A new NPR/Kaiser Family Foundation survey released today documented again the direct link between the economic crisis – you know the one Nobel Laureate Paul Krugman now says we ought to start calling a Depression – and families undermining their health.
Of 1,500 U.S. adults polled, half of whom have been without jobs for more than a year or work part-time while looking for full-time work, the study found that three-fourths of those unemployed or underemployed say they or a family member have delayed medical care because of the cost.
Let that sink in a minute – 75 percent of those in American families who have been discarded in the economic meltdown are self-rationing needed medical care.
Among the key findings:
- 46 percent skipped recommended medical treatment or a diagnostic test.
- 40 percent did not fill needed prescription.
- 63 percent postponed dental care or checkups.
- 43 percent had problems paying medical bills.
- 33 percent said their mental health has gotten much worse or somewhat worse as a result of their employment status.
This is not a surprise to nurses. Months ago National Nurses United identified broad declines in health and living standards for substantial segments of the U.S. population as a direct consequence of low wages, unemployment, hunger, substandard housing and prohibitive medical bills. Among them:
Heart ailments in younger patients, especially in men in their 40s; hypertension; pancreatitis, typically an adult disease now increasingly found in children due to high fat diets linked to low incomes; a range of “gut” disorders, such as colitis; increased obesity linked to poverty; manifold mental illnesses, including anxiety disorders, in youth populations; and higher asthma rates with reports surfacing of deaths as a result of the delays tied to poverty or insurance obstacles.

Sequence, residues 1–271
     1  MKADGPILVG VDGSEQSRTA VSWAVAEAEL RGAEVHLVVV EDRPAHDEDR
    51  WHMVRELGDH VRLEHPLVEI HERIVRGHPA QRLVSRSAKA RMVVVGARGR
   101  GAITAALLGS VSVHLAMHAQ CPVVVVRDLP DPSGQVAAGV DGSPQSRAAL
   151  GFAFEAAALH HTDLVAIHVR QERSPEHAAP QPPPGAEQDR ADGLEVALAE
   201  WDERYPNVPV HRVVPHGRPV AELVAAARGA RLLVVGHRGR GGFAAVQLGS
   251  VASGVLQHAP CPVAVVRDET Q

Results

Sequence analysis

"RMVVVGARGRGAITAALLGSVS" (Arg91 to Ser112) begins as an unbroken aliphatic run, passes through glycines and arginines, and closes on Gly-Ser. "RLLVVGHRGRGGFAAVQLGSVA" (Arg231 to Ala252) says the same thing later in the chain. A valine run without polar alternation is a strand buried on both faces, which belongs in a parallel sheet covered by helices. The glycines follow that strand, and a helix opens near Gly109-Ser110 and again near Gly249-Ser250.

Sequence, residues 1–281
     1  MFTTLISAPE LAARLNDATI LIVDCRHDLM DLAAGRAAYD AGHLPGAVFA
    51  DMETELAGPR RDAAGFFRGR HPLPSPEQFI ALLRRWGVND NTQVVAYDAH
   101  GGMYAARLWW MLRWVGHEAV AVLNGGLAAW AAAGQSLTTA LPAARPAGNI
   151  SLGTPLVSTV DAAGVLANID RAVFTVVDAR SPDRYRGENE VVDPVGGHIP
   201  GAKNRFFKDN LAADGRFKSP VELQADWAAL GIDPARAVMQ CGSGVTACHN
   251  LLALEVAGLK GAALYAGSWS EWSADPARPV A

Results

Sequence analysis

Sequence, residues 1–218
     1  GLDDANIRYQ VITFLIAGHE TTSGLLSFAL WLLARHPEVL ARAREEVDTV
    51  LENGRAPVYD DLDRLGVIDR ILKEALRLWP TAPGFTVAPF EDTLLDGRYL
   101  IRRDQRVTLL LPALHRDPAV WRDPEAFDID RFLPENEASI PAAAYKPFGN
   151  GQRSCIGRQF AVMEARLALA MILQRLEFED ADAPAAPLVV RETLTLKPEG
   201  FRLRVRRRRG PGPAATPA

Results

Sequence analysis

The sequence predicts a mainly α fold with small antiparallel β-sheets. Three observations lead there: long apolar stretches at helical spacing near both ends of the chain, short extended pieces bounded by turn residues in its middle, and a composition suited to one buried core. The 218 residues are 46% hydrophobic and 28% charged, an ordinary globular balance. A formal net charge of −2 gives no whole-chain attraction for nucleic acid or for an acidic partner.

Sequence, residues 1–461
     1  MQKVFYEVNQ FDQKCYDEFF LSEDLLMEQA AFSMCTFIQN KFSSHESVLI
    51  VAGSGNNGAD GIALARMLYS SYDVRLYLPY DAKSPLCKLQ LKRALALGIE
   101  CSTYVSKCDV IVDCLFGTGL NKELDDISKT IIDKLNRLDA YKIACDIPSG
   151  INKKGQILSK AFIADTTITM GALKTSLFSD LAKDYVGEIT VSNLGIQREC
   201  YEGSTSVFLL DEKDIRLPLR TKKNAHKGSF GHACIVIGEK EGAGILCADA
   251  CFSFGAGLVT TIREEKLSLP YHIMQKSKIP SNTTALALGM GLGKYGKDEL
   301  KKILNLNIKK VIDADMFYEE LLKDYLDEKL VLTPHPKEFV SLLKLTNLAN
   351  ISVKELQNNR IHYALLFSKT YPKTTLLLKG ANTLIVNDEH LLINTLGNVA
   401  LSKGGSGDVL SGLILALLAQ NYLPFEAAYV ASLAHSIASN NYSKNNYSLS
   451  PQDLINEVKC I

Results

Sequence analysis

The economic pandemic is global, of course. But somehow the impact on health is worse in the U.S. That’s what a Commonwealth Fund study last month showed. It compared 11 of the world’s richest nations, and found that sicker adults in the U.S. took top honors for having healthcare cost and access problems.
More than one-fourth could not pay medical bills over the past year, compared to just 1 percent to 14 percent in the other countries. Further, 42 percent of U.S. adults said they had put off visiting a doctor, filling a prescription or getting other recommended care, twice the rate for most of the other nations.
What’s the difference? Those other countries have some form of a national healthcare system or single payer system, such as our Medicare program that so many U.S. politicians on both sides of the aisle are itching to cut.
Some of their counterparts abroad are equally shortsighted, such as the conservative Cameron government in the UK, now pushing major cuts in their crown jewel National Health System. The last thing British patients need is for politicians to be emulating the U.S. model and pushing toward a more broken healthcare system with its great race to the bottom.
Every day nurses see the living embodiment of the patients and families behind the statistics listed in the NPR/Kaiser survey, one reason that U.S. nurses have long advocated a more humane healthcare system not based on ability to pay, but one that guarantees healthcare for all in a single payer system, such as expanding and adequately funding Medicare to cover everyone.
That’s been a fundamental plank of NNU’s call for a Main Street Contract for America, which also calls for good jobs with dignity for everyone, which along with guaranteed healthcare is the only effective solution to the deplorable numbers found in both the NPR/Kaiser survey and the Commonwealth Study.
NNU has also been stepping up the campaign for a major funding mechanism with a tax on Wall Street, the very banks and financial firms which tore that giant hole in our economy by gambling with people’s mortgages, pensions, and other reckless financial misdeeds.
The nurses’ proposal a small financial transaction tax of just 50 cents on every $100 of trades of stocks, bonds, derivatives, and other major trades (exempting normal consumer activity) could raise up to $350 billion every year to help reframe our economy, heal America, and end the shame of people sacrificing their health and lives due to the cost.